What Is a Forensic Specialist?

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Crime scene investigation is only one forensic specialty.
Crime scene investigation is only one forensic specialty. (Image: Creatas/Creatas/Getty Images)

The field of forensics is a specialty within law enforcement investigations that is itself composed of many different subspecialties. A forensic specialist is someone engaged in forensic work who has a particular area of expertise that they can apply to law enforcement. Forensic specialists do not just consist of crime scene investigators. Instead, each specialist is part of a larger team.

Specializations

A forensic specialist typically has formal education and credentials in the field of his specialization. Forensics specialists obtain much of their training on the job also. The U.S. Drug Enforcement Administration lists three different areas of forensic specialization that people can follow as a career path. Forensic specialty areas include chemistry, fingerprinting and computer investigation. Other possible areas of forensic specialization include forensic psychology, forensic anthropology, crime scene photography, forensic accounting, forensic art and forensic document analysis, among others.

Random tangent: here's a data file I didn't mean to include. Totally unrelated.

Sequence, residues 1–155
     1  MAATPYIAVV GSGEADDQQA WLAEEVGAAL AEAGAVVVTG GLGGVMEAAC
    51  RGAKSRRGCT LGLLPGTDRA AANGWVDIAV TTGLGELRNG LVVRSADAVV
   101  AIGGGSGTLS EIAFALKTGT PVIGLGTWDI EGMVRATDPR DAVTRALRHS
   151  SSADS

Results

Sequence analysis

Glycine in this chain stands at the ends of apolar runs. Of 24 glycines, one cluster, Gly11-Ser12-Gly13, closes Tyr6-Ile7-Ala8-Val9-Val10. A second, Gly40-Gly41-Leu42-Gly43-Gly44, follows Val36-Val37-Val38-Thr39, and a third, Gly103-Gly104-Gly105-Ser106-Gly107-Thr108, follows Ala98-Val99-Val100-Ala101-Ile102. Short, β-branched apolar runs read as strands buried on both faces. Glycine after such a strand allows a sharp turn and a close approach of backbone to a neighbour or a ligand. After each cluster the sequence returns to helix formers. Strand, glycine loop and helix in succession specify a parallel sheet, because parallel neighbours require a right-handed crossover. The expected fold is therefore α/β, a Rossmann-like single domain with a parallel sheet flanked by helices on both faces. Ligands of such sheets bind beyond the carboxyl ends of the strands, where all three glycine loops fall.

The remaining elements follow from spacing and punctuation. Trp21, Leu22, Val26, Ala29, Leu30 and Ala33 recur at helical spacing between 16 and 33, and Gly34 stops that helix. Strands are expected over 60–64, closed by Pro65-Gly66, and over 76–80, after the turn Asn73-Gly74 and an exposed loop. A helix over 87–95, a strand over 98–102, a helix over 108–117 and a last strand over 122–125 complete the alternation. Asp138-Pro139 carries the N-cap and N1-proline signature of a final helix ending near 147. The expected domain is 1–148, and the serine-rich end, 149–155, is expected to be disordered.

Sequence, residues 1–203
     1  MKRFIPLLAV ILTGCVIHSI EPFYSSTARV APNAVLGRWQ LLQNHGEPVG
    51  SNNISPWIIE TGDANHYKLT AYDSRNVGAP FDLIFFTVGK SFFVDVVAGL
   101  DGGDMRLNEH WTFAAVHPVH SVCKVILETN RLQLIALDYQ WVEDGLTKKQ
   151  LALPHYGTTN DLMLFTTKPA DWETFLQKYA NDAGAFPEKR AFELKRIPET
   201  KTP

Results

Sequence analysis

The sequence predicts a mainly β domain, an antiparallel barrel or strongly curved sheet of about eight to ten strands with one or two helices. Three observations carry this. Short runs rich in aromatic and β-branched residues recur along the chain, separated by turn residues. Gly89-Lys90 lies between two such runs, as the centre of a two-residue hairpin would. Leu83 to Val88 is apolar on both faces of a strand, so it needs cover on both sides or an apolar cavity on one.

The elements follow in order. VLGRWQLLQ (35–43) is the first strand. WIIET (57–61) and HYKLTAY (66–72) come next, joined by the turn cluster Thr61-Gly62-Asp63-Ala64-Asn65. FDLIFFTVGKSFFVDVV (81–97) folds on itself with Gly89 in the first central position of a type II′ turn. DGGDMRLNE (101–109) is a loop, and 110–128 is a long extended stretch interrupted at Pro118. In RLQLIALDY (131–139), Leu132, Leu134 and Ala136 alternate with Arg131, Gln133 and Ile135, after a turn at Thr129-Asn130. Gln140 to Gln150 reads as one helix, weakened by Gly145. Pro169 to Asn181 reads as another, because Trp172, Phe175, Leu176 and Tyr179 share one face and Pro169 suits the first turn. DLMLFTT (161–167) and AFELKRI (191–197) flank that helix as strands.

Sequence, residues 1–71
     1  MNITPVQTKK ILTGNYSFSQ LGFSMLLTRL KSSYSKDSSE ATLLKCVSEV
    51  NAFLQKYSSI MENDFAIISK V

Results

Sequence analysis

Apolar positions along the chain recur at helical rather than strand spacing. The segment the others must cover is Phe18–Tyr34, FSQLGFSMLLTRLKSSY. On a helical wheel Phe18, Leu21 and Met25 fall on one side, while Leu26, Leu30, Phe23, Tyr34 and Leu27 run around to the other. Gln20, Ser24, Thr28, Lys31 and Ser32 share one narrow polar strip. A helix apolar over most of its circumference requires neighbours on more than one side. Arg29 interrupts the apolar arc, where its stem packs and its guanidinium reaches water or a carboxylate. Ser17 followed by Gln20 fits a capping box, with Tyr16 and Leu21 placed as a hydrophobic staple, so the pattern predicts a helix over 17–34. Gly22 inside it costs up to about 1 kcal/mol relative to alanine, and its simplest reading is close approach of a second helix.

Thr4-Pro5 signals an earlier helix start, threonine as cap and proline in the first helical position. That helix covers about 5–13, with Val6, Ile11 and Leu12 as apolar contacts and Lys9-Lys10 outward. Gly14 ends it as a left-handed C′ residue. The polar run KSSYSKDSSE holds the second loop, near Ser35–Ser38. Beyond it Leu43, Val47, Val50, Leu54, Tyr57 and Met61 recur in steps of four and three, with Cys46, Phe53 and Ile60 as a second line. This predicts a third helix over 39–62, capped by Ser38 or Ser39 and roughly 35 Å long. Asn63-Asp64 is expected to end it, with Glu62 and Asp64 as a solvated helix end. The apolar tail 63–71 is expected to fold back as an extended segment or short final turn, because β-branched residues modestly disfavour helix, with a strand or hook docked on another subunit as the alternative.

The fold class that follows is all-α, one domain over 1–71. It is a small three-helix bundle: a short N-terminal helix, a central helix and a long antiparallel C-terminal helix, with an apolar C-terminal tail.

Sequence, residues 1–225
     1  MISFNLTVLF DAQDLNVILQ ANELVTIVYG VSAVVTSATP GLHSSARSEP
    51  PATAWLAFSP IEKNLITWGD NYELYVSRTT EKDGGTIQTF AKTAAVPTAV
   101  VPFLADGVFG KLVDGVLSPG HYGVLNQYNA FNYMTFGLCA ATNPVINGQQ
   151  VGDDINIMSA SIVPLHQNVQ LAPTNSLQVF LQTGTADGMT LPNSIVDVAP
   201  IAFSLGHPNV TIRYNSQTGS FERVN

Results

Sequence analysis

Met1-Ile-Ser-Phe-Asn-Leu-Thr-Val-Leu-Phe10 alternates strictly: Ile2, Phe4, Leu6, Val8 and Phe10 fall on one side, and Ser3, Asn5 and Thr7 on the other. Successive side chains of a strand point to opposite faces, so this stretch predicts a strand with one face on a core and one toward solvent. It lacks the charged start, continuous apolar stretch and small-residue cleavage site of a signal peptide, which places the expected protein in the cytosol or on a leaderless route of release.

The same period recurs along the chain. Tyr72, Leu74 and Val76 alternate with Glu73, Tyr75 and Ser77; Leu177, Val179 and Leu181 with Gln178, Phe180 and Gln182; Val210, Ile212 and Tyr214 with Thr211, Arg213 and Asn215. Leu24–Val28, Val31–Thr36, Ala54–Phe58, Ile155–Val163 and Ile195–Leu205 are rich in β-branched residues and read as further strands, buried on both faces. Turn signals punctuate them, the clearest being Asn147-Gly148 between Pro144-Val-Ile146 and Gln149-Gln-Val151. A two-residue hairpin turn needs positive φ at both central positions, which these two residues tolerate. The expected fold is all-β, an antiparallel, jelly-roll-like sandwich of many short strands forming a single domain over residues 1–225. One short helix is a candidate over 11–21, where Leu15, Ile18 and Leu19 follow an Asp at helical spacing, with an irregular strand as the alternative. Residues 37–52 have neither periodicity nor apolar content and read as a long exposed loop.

Education

Forensic specialists are essentially experts or at least qualified practitioners in their respective field of specialization. For instance, forensic biologists typically have a bachelor's degree or higher in biology, but would not necessarily be considered an expert biologist in the same way that someone with a Ph.D. would be. Other specialists like forensic psychologists are experts in their field, given the fact that a Ph.D. is required to work as a psychologist. In any case, a bachelor's degree is required for many positions in forensics, although some fields like crime scene investigation or photography allow candidates to get into the field with an associate's degree.

Job Duties

The job duties of forensic specialists tends to vary by specialty. Some areas of specialization are scientific in nature and require a tremendous amount of laboratory analysis. For instance, the forensic scientists will perform complex lab tests to determine the chemical makeup of substances found at crime scenes. The forensic accountant, on the other hand, will examine financial documents looking for evidence of financial chicanery. Many of the specific day-to-day activities completed by forensic specialists are learned on the job through initial training either in a police academy, through an internship or by shadowing other specialists in the same field.

Employment

Forensic specialists can work in a variety of different settings. Police departments are only one venue in which these specialists can be found. Some work for government agencies like the FBI and CIA, while others work in the insurance industry or for law firms and individual attorneys. According to the Bureau of Labor Statistics, some forensics specialists work as self-employed contractors, offering their services to multiple agencies and individuals at the same time. It is also not uncommon for forensics specialists to work full-time in their field of expertise while only serving as a part-time consultant on the side.

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